The heart of the act, as well as one of the most challenging of all operatic moments, is Wotan’s massive monologue. Davis and Owens were clearly of one mind about these pages of the score. The pacing was so subtly controlled and Owens lived every word of the text. Sitting on the stone steps of his penthouse, his plans unraveling, his power slipping, Wotan never looked more human, ruminative, and pained as he poured his heart to Brünnhilde, his favorite of the Valkyrie daughters he sired with Erda, the earth-goddess. For the remainder of Acts 2 and 3, Christine Goerke stole the show. What a phenomenal Brünnhilde she makes! It’s extraordinary to hear a soprano accomplish the emotional range and full-throated drama demanded by this role while also maintaining a Mozartian clarity and lyricism throughout.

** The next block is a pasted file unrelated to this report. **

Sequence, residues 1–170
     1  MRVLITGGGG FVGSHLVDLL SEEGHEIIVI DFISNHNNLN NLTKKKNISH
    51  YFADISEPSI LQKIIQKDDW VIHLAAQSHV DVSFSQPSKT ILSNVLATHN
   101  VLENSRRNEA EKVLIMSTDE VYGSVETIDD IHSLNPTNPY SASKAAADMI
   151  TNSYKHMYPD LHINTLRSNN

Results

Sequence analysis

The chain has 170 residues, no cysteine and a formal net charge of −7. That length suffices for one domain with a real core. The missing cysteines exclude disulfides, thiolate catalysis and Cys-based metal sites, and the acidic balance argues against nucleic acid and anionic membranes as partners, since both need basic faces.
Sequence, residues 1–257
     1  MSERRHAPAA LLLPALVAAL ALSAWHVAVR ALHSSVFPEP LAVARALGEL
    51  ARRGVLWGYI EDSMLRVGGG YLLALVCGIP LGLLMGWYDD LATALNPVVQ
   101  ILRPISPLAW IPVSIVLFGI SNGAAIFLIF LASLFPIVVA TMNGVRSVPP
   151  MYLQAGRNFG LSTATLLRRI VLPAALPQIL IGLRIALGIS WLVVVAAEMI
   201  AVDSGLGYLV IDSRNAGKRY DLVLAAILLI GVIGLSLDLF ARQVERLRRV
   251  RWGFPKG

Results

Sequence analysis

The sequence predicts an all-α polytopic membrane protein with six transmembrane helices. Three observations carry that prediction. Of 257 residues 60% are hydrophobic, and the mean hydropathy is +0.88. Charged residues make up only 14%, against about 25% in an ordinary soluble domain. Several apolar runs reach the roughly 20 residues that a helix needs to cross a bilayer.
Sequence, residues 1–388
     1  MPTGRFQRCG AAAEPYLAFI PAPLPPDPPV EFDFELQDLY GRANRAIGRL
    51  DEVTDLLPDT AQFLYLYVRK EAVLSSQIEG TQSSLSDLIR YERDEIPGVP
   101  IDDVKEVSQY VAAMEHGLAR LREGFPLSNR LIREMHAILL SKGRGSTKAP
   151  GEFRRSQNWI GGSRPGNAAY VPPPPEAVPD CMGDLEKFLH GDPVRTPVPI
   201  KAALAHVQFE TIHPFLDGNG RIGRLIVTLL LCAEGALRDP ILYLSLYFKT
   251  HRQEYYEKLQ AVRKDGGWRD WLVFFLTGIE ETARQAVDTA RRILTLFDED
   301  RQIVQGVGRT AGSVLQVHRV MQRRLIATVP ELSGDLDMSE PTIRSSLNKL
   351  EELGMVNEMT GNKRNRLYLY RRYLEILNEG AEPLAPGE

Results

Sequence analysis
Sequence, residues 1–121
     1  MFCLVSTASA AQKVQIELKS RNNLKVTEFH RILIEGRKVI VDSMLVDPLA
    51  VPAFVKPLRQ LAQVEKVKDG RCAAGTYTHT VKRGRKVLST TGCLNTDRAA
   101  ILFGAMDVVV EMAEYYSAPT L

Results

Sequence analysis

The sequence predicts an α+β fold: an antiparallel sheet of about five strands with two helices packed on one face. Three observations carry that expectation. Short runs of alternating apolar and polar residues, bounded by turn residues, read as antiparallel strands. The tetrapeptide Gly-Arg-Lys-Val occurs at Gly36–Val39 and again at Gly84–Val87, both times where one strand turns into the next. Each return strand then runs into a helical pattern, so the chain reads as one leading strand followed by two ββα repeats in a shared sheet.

For its stellar international cast, visionary direction, and breathtaking staging LOC’s new Die Walküre measures up to Wagnerian theatrical ideals. This is a must-see event. The production runs at the Civic Opera House through November 30.